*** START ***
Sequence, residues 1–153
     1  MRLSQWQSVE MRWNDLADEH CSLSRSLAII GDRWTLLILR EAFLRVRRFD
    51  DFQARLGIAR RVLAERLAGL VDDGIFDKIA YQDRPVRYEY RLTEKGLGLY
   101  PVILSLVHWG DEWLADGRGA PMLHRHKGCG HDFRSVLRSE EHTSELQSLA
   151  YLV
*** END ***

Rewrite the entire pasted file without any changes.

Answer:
Sequence, residues 1–153
     1  MRLSQWQSVE MRWNDLADEH CSLSRSLAII GDRWTLLILR EAFLRVRRFD
    51  DFQARLGIAR RVLAERLAGL VDDGIFDKIA YQDRPVRYEY RLTEKGLGLY
   101  PVILSLVHWG DEWLADGRGA PMLHRHKGCG HDFRSVLRSE EHTSELQSLA
   151  YLV